Dupuytren’s Disease is a thickening of the deep tissue that passes from the palm into the fingers, which causes the fingers to be bent back towards the palm over time: Dupuytren’s Contracture. It frequently affects the palm, with nodules and contractures of the little and ring fingers, but may affect any fingers (or thumbs) of either hand. It may also affect the soles of the feet.
Symptoms usually start as a small nodule or pit in the palm of the hand, which can then develop into bands of shortened tissue that effectively pull the fingers back towards the palm (the Contracture). Dupuytren was an early 19th Century French surgeon.
There is no known cause for the contracture, although it does tend to run in families. It may also be noticed after trauma to the hand (including surgery), in some diabetics, epileptics or in some individuals with liver disease. There is no truth, however, that the condition is related to excess alcohol intake.
A considerable amount of research is taking place to create a drug treatment for the condition. Recently the injectable drug Xiapex® a collagenase enzyme – has been developed and is now licensed in the UK (http://www.xiapex.eu/). I am at present learning how to use this for early stage Dupuytren’s Contracture. Surgery is still the mainstay of treatment once the condition becomes progressive, with finger contractures. Untreated, Dupuytren’s Contracture can result in all affected fingers being pulled into the palm and significant loss in hand function.
The three most common operations to treat this condition are:
Needle Fasciotomy Under local anaesthetic the Dupuytren’s bands in the palm are cut using a needle. This is especially suitable for elderly or infirm patients who cannot tolerate a more formal anaesthetic. Busy working people may think this is a simpler, quicker alternative, but unfortunately it is associated with a very high recurrence rate.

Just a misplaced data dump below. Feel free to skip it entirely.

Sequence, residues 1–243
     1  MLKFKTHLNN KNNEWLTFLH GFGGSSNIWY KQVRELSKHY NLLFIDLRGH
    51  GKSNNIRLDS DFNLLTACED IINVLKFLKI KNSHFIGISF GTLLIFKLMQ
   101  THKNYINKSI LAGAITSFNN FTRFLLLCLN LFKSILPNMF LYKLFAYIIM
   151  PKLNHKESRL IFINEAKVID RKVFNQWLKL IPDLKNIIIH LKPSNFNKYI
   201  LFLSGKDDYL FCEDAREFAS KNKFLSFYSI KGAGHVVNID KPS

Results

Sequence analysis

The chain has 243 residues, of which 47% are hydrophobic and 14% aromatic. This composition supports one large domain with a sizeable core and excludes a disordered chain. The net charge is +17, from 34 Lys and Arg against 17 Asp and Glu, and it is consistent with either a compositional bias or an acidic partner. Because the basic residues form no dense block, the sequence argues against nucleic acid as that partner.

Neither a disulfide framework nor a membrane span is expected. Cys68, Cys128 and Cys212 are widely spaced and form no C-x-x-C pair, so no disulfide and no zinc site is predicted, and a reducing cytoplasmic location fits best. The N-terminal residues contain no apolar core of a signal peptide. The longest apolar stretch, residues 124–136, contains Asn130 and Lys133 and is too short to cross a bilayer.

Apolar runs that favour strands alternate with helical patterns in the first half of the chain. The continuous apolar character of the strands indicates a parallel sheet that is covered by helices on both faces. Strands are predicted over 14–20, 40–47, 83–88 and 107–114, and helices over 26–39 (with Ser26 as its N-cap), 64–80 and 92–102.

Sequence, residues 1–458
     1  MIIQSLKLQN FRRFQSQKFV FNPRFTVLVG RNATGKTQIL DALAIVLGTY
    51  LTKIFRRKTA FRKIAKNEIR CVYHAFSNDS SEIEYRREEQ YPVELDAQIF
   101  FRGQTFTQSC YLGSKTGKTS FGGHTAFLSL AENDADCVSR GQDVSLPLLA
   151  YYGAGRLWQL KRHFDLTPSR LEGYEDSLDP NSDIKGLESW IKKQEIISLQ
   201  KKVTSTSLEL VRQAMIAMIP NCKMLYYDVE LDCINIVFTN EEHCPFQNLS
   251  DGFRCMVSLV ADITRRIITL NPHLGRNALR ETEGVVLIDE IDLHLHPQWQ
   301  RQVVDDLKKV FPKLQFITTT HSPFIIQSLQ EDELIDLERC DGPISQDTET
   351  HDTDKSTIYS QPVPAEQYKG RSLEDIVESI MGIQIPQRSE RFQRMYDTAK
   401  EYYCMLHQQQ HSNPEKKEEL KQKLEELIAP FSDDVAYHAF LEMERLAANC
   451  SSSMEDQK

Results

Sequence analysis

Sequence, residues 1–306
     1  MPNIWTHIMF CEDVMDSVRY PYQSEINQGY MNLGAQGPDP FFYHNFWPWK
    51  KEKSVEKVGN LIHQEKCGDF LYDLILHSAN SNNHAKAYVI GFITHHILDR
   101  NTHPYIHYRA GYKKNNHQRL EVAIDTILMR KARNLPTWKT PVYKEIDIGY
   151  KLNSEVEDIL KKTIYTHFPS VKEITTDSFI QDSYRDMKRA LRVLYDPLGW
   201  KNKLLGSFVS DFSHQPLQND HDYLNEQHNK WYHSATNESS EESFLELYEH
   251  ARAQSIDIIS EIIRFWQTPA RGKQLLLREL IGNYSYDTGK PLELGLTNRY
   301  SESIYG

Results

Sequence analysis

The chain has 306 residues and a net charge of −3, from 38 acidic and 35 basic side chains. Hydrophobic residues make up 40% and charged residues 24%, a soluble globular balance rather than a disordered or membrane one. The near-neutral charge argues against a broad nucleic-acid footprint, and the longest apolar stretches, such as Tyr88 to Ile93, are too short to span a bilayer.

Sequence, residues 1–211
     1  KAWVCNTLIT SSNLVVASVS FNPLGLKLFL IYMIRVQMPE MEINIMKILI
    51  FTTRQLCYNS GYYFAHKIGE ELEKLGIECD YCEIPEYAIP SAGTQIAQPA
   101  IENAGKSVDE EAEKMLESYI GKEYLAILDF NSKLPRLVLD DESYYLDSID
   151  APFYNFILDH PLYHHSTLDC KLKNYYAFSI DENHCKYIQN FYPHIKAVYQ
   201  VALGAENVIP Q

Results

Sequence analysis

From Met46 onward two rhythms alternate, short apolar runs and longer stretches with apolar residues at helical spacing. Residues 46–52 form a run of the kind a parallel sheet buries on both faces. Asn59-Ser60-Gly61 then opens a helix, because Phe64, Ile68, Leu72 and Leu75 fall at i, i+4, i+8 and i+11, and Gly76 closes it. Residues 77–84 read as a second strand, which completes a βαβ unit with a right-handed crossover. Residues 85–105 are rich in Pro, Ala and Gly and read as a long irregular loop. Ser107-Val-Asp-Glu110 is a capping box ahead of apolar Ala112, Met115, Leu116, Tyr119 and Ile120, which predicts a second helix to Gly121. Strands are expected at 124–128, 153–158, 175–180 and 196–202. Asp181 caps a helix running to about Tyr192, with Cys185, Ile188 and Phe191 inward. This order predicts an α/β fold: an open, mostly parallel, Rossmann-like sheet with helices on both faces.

Fasciectomy This involves the removal of the affected tissue to correct the bent joints. The entire wound is then stitched up in a zigzag manner, but a segment of the wound in the palm may be left open to facilitate physiotherapy and will heal by itself (open-palm technique). The operation is usually performed as a day case under an anaesthetic that numbs the entire arm. Occasionally a general anaesthetic and overnight stay are necessary.
Dermofasciectomy In some cases it is also necessary to remove the skin overlying the affected tissue. This may be because the skin is stuck to the bands/nodules of affected tissue and cannot be moved over them, or where the problem has recurred after previous surgery. The skin may also be removed in younger patients (20-40 years in age) who can be prone to further problems after a simple fasciectomy. In this procedure, the removed skin is replaced by skin grafted from the elbow crease or groin.
In very rare cases, a finger amputation may be necessary or even preferable, if the condition has returned many times with repeated nerve and vessel damage.
Collagenase (Xiapex) injection – a staged procedure where the collagenase enzyme is injected into the Dupuytren’s cord(s) 48hrs prior to snapping these under local anaesthetic. This was available on both the NHS and privately until 2019 but has sadly been withdrawn. We hope this treatment may again become available.
Recovery times vary dramatically, depending on the severity of the condition, but a splint may be needed for some weeks after the operation, usually only at night, to maintain the surgical correction of the finger(s). At first, it will be necessary to wear the splint night and day, but this is often reduced to night time only after about a fortnight, when your stitches are likely to be removed. You will be under the care of my hand therapist for some weeks after the surgery.
As a result of requiring a splint, many normal activities, such as driving and working, may not be possible for a few weeks after the operation. You will be left with a scar across the palm and finger(s), and also in the elbow crease if you require a skin graft. These scars may be tender for 6-8 weeks after the operation.
Prolonged stiffness of the entire hand is a possibility after any hand surgery. Dupuytren’s Disease also tends to come back and affect either the operated finger(s) or other fingers after surgery. The time span for this is variable and not consistent. Injury to the small nerve(s) supplying sensation to the tip of the finger pulp is a rare complication of surgery.
I can discuss the exact nature of your treatment, including procedure details, recovery times and any possible side effects, at a consultation. This will reflect your exact circumstances and needs. The information included here is provided for general guidance only